Led resistance against Portuguese forces
- For forty years (1623-1663) queen Nzinga led a resistance against outside forces. In the 1620s, after forming alliances with former rival states, she led her army against the Portuguese, initiating a thirty year war against them. She exploited European rivalry by forging an alliance with the Dutch who had conquered Luanda in 1641. With their help, Nzinga defeated a Portuguese army in 1647. When the Dutch were in turn defeated by the Portuguese the following year and withdrew from Central Africa, Nzinga continued her struggle against the Portuguese. Now in her 60s she still personally led troops in battle. She also orchestrated guerilla attacks on the Portuguese which would continue long after her death and inspire the ultimately successful 20th Century armed resistance against the Portuguese that resulted in independent Angola in 1970s.
Accepted western beliefs
- In 1623, Nzinga had her brother killed, and became ruler. The Portuguese named her governor of Luanda, and she opened her land to Christian missionaries and to the introduction of whatever modern technologies she could attract. By 1626, she had resumed the conflict with the Portuguese, pointing to their many treaty violations. Began trying to push them out.By the time of her death in 1660s, Matamba was a formidable commercial state that dealt with the Portuguese colony on an equal footing. Nzinga, reconverted to Christianity before her death at the age of eighty-one.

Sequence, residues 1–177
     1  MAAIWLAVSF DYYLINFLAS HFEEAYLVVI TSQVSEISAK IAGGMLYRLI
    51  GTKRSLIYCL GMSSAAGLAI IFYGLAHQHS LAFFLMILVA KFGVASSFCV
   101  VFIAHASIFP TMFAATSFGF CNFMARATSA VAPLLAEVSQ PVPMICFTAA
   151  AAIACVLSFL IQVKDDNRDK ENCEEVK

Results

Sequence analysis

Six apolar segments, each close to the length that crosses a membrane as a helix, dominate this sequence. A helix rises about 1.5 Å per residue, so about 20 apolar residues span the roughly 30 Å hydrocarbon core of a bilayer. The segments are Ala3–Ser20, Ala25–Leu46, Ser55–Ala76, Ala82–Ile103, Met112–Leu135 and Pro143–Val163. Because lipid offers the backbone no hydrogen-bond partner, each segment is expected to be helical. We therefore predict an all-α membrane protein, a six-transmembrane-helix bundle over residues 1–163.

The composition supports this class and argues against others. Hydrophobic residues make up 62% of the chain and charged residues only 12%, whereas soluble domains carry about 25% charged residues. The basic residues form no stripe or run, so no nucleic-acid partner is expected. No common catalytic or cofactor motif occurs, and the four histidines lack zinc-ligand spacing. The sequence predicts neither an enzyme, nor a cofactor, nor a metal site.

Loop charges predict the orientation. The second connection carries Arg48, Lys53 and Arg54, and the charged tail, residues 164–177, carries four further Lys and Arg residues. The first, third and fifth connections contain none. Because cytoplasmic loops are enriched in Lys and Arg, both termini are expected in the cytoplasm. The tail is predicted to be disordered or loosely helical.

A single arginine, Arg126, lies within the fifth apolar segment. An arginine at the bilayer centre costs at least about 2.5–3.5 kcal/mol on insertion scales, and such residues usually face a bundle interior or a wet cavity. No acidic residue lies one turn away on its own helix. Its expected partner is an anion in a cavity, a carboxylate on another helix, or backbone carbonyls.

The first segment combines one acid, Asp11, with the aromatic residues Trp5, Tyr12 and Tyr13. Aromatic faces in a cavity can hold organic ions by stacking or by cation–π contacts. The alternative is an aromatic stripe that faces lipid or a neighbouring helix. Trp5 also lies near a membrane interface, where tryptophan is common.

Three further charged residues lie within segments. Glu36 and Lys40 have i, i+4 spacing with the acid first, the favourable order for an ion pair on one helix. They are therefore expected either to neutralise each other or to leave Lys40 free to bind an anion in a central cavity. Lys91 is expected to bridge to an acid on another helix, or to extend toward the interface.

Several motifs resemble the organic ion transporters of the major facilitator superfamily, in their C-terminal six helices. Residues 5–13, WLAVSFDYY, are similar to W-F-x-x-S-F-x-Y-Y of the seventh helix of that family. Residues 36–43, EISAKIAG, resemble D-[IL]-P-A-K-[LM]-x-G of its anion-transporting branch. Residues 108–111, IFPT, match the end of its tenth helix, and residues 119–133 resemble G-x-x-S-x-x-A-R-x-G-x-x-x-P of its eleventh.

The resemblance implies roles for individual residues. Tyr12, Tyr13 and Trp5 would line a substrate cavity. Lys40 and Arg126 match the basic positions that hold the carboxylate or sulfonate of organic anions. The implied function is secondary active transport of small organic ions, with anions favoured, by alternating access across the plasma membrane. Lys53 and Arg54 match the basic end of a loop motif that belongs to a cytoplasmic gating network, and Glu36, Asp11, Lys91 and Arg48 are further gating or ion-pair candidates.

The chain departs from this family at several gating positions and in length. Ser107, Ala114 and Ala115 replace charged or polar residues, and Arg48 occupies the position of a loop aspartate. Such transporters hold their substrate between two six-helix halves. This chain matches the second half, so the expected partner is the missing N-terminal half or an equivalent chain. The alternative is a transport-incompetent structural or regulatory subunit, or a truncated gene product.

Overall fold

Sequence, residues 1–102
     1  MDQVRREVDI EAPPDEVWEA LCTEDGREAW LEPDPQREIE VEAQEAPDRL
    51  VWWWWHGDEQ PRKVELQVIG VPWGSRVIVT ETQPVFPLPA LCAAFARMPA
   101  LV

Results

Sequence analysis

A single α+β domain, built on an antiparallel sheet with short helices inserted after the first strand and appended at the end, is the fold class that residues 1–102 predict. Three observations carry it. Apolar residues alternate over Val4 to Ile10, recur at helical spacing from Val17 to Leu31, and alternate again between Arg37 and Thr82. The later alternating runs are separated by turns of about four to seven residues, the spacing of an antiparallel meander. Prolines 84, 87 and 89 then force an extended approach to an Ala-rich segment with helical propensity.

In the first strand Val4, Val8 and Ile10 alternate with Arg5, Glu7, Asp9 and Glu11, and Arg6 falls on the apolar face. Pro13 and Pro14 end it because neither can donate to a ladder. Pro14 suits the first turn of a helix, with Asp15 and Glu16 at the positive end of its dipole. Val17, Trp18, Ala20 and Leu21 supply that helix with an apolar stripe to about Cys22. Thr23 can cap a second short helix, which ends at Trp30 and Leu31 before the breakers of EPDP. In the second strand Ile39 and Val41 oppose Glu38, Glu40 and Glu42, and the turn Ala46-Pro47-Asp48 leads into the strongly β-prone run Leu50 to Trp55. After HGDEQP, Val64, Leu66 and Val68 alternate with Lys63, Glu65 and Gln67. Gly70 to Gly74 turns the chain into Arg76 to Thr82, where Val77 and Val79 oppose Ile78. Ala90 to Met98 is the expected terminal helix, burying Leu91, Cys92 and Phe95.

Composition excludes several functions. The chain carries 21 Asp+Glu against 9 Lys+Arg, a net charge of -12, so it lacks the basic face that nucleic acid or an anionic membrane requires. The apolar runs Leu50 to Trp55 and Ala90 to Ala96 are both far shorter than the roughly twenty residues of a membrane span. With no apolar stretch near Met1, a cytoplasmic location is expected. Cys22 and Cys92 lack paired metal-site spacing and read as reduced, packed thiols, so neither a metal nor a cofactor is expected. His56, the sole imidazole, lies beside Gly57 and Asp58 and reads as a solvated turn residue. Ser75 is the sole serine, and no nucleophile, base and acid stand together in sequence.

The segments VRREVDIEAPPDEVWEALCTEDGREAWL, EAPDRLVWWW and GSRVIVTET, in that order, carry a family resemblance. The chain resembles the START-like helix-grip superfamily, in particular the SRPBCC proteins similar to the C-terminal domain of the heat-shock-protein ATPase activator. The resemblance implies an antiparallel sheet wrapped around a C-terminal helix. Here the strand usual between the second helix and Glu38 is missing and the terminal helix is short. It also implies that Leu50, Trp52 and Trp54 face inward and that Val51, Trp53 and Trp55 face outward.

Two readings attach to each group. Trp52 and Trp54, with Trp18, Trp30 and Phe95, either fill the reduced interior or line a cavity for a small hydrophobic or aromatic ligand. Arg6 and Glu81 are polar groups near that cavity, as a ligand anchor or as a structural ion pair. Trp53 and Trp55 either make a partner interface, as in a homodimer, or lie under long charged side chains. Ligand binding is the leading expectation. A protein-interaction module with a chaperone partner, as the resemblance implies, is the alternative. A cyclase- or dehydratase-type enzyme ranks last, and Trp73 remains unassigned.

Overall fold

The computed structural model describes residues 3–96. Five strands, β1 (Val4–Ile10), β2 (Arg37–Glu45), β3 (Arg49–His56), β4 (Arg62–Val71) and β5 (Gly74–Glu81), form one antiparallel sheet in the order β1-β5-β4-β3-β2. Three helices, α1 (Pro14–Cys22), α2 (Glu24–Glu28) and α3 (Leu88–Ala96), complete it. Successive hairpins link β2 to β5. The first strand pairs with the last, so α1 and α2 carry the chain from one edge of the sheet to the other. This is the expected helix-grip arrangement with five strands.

Failed to overcome resistance
- In 1648 new troops arrived and the Portuguese began to succeed, so Nzinga opened peace talks which lasted for six years. She was forced to accept Philip as ruler and the Portuguese actual power in Ndongo, but was able to maintain her power in Matamba and to maintain Matamba's independence from the Portuguese. When Nzinga died in 1660s, at the age of 81, and was succeeded by her sister in Matamba. Her rule did not rule long. Angola did not become independent of Portuguese authority until 1970s.
- Today, she is remembered in Angola for her political and diplomatic acumen, great wit and intelligence, as well as her brilliant military tactics. In time, Portugal and most of Europe would come to respect her. A major street in Luanda is named after her, and a statue of her was placed in Kinaxixi on an impressive square in 2002, dedicated by President Santos to celebrate the 27th anniversary of independence. Angolan women are often married near the statue, especially on Thursdays and Fridays.
Left behind an extraordinary architectural legacy.
- In 1648, he moved his court to the newly constructed capital, Shahjahanabad, at Delhi. Shahjahanabad was a carefully designed courtly city. The emperor's great palace fortress, Qila Mubarak [Auspicious Fortress], was built on the bank of the river Yamuna; opposite it stood the grand Mosque, the Jama Masjid, which remains to this day the largest such structure in India. Shah Jahan kept his architects and artisans occupied by numerous other ventures.
Mughal Empire achieved its greatest prosperity under Shah Jahan (1592-1666).
- His traditional biographers have suggested that his military campaigns were organized with diligence, and judging from the hospitals and rest houses built in his reign, he appears not to have been devoid of a social conscience. He is said to have donated liberally to the poor and dispensed justice fairly.